Motor Pollution

Climate change is one of the most pressing issues facing the planet but it is an issue everyone can do something about. 

From turning the thermostat down to buying a more economical car, there are many steps you can take to help safeguard the future of the planet. 

Reducing the pollution that most people cause through driving a car is a major step towards a cleaner, greener environment.

Greener cars and driving

The type of car you own, the way you drive it and the fuel you use can have a big impact on the emissions it produces. Personal car travel produces 13 per cent of the UK's total greenhouse gas emissions and it contributes to local air pollution and congestion. 

What you drive

Buying a greener car doesn't mean you have to compromise. More fuel efficient cars use less fuel so they produce fewer emissions, as well as saving you money on fuel bills and on Vehicle Tax.

When you're looking at the fuel efficiency of a car remember:

  • different versions of the same car model or type of car can vary significantly in fuel efficiency - so buy a more fuel efficient version of the type of car or model you want
  • as a general rule, smaller car and cars with smaller engines are more fuel efficient

How you drive

The way you drive your car will affect how much fuel you use and the amount of emissions your car produces. By following the tips below you could save one month's worth of fuel over a year, as well as reducing your emissions:

  • driving smoothly can reduce fuel consumption - check the road ahead, anticipate traffic and avoid harsh acceleration and braking
  • shift to a higher gear at the right time - shift up at 2500rpm for petrol cars and 2000rpm for diesel cars. A vehicle travelling at 37mph in third gear uses 25 per cent more fuel than it would at the same speed in fifth gear
  • get in and go - modern engines are designed to be most efficient when you just get in and go. Keeping the engine running or pumping the accelerator wastes fuel, increases engine wear and increases emissions
  • switch your engine off if you know you won't be moving for a while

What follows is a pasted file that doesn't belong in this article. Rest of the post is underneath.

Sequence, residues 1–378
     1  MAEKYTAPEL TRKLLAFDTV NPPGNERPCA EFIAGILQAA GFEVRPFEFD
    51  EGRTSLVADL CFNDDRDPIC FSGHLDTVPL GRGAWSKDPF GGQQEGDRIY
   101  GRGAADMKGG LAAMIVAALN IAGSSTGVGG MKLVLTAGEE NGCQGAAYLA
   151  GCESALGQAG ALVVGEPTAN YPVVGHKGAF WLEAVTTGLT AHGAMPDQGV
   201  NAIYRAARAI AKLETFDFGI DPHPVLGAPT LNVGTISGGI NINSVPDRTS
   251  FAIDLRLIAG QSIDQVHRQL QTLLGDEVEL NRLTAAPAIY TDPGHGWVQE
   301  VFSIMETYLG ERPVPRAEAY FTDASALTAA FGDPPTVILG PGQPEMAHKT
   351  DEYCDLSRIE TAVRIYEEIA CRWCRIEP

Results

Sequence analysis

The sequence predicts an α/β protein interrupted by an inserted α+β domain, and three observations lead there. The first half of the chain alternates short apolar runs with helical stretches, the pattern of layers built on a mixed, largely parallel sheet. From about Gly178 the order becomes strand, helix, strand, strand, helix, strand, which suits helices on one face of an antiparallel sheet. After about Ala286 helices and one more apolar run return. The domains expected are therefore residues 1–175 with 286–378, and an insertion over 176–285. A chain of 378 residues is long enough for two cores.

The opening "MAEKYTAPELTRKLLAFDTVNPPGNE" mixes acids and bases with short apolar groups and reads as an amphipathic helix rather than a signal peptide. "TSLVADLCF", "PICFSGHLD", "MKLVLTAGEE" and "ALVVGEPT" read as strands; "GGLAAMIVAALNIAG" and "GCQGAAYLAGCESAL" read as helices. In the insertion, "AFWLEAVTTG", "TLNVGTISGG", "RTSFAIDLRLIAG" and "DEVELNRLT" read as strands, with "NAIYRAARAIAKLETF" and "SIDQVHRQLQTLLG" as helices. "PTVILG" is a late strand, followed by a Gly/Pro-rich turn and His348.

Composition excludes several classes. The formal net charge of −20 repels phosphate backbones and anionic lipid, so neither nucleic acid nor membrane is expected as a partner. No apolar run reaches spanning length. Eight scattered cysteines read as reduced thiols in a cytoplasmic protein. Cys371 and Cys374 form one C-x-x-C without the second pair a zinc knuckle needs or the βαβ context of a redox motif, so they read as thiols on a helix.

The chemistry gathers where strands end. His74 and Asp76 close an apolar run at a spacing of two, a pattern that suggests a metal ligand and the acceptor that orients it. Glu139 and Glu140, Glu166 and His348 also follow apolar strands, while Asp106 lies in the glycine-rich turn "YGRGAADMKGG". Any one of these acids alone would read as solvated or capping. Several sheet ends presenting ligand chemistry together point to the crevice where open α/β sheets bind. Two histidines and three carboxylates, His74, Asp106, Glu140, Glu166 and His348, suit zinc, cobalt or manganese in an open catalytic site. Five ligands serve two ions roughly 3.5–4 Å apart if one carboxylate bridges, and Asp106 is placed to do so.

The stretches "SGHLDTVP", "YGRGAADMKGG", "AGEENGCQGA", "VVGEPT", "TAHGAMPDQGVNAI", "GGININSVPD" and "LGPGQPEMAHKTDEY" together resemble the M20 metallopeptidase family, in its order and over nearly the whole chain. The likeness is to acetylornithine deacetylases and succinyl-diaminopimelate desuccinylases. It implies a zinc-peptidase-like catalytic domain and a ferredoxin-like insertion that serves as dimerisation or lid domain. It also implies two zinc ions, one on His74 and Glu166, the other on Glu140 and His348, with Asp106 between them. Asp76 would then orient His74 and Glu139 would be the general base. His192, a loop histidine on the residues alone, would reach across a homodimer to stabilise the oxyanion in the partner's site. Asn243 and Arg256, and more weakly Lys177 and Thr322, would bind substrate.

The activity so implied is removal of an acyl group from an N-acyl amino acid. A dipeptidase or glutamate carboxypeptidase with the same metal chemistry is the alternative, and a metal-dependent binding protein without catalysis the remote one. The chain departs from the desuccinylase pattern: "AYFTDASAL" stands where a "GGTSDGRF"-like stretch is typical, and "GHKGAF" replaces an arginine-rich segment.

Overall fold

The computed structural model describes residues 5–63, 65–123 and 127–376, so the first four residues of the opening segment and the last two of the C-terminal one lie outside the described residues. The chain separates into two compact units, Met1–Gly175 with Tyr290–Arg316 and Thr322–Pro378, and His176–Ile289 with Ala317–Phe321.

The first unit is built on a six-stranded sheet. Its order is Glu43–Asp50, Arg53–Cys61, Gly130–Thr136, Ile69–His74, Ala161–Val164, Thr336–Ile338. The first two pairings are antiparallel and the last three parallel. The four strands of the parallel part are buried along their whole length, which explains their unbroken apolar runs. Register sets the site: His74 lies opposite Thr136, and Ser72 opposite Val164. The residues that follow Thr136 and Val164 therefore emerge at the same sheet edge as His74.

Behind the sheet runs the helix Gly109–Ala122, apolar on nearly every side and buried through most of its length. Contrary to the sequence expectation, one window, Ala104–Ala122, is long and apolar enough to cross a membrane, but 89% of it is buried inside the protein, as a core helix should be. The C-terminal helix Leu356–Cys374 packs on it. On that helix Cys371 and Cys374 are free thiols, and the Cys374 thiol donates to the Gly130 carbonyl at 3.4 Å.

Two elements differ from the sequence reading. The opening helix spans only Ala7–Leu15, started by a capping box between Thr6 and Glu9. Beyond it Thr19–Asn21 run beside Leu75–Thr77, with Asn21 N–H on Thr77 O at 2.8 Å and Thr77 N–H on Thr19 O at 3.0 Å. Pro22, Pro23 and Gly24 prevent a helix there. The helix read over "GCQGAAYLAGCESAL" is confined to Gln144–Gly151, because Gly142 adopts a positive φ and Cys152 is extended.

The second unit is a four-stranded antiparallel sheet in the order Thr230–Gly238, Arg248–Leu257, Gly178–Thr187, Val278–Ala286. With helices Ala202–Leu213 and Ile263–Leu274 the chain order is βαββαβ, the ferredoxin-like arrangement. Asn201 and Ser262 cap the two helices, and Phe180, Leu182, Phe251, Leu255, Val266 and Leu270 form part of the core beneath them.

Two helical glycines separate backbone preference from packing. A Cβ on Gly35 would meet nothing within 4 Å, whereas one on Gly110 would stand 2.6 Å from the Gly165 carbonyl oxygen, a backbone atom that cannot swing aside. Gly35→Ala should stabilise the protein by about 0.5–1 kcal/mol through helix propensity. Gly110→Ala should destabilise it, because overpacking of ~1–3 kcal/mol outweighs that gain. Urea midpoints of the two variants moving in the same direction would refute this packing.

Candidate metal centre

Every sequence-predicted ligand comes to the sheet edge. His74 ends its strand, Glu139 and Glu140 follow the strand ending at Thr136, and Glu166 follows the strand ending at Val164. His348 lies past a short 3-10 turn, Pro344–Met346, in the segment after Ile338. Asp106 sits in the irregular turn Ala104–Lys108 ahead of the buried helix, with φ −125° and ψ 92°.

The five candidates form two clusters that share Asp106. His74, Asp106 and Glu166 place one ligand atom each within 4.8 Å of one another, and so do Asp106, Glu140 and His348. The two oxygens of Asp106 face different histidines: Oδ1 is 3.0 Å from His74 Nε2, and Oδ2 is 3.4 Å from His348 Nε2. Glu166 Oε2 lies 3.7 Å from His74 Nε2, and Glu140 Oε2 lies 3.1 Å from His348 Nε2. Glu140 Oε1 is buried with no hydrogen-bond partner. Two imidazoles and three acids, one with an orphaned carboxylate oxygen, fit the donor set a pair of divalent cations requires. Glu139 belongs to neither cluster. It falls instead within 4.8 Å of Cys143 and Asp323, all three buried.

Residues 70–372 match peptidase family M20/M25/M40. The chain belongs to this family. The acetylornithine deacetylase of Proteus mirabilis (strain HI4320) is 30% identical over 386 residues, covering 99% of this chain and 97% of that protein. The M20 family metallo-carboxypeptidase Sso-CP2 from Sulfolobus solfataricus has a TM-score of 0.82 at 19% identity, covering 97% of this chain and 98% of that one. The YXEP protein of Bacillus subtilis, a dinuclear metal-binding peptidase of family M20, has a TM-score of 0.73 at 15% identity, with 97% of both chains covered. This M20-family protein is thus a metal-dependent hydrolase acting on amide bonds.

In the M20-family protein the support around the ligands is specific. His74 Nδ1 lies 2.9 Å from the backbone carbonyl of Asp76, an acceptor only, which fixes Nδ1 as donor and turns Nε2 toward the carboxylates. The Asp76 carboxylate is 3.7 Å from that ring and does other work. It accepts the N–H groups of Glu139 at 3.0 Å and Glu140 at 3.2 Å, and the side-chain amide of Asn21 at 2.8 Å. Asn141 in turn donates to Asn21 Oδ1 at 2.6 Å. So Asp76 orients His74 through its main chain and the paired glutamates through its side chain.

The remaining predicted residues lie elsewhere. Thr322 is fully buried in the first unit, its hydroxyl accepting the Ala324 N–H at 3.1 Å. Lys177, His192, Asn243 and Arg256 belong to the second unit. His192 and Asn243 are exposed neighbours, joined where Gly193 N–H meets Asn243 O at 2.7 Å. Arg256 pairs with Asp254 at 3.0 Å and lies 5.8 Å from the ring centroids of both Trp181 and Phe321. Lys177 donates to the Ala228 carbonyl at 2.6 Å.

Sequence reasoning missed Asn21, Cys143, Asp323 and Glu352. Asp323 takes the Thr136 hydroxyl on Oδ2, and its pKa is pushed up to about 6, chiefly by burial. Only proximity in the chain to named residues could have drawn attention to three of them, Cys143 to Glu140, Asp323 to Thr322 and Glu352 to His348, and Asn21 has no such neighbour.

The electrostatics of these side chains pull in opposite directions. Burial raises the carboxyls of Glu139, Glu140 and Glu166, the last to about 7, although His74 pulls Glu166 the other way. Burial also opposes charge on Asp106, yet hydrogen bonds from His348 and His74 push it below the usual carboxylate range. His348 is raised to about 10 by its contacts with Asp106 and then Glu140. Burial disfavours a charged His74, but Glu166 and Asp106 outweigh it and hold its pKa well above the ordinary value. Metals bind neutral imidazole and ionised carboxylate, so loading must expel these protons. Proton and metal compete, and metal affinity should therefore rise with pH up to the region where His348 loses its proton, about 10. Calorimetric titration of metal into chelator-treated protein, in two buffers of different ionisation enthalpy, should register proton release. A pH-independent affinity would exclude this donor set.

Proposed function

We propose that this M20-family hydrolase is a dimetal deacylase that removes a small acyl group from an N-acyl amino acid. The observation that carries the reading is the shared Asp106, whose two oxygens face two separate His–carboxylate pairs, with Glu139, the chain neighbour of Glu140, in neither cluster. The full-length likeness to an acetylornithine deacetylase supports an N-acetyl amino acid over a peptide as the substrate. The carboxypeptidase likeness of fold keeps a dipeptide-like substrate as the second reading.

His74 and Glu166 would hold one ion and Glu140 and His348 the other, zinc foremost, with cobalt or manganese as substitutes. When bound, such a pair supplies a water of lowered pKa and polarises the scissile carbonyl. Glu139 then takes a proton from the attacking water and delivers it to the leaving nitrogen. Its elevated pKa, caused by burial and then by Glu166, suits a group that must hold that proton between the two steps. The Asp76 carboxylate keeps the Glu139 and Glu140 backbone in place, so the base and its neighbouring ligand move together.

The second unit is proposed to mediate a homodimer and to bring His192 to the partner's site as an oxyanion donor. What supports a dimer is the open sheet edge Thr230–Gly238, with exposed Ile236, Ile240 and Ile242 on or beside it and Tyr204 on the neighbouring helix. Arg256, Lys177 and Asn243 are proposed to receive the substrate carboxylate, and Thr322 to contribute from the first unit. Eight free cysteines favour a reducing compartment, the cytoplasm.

• check your tyre pressures regularly - under-inflated tyres can increase your fuel consumption by up to three per cent
  • stick to the speed limits - at 70mph you could be using up to 30 per cent more fuel than at 50mph
  • remove unnecessary weight and roof racks - they increase the weight and air resistance so they increase the amount of fuel you use
  • air conditioning and other on-board electrical devices (like mobile phone chargers) increase fuel consumption, so only use them when necessary.

Idling vehicles

If you leave your vehicle idling when you are stationary you are contributing to air pollution.

Research shows that:

  • 10 seconds of engine idling uses more fuel than restarting
  • each litre of fuel generates 2.4kg of greenhouse gas Co2
  • exhaust emissions contain a range of toxic substances such as carbon monoxide, nitrogen dioxide, hydrocarbons and particulates
  • 62% of people with asthma tell us that traffic fumes make their asthma worse
  • A quarter of people with asthma say that a reduction in air pollution is the single thing that would make the most difference to their quality of life in relation to their asthma

The Road Traffic (Vehicle Emissions) (Fixed Penalty) (Wales) Regulations 2003 (the regulations) enable local authorities in Wales to issue fixed penalty notices to drivers who allow their vehicles to run unnecessarily while stationary. These regulations came into force on 1st May 2003. 

The powers to do this are automatically conferred by the regulations; therefore local authorities do not have to apply to be designated to use them. 

When an officer discovers a vehicle with its engine running the first action would be to advise the driver that it is an offence for the engine to be running in a stationary vehicle, and that such an offence carries a Fixed Penalty of £20. 

The officer would then ask the driver to turn the engine off. 

A Fixed Penalty Notice would only be issued if the driver refuses to turn off the engine even though requested to do so by an authorised officer. 

Drivers will not be penalised, however, in cases where common sense dictates that the engine needs to be running, e.g.:

  • where a vehicle is stationary at traffic lights or in a traffic jam
  • where a vehicle is broken down and the engine is being run to find a defect
  • where an engine is needed to refrigerate fresh goods or run a compactor on a refuse vehicle
  • any other situations that may be considered acceptable. This could be to allow someone to defrost a windscreen or cool down on a hot day for a few minutes.

What can I do about pollution from other motor vehicles?

The Public Health Section is often asked what we can do if a smoky Heavy Goods Vehicle, bus, coach or other commercial vehicle is seen on the road. 

The Council does not have any power to act, but the Department of Transport's Vehicle Inspectorate does. 

If you see a commercial vehicle that has a smoky exhaust take the registration number and report the details to the Driver and Vehicle Standards Agency.

Last Modified: 05/12/2018
For more information contact:

Public Health

Tel: 01633 647622

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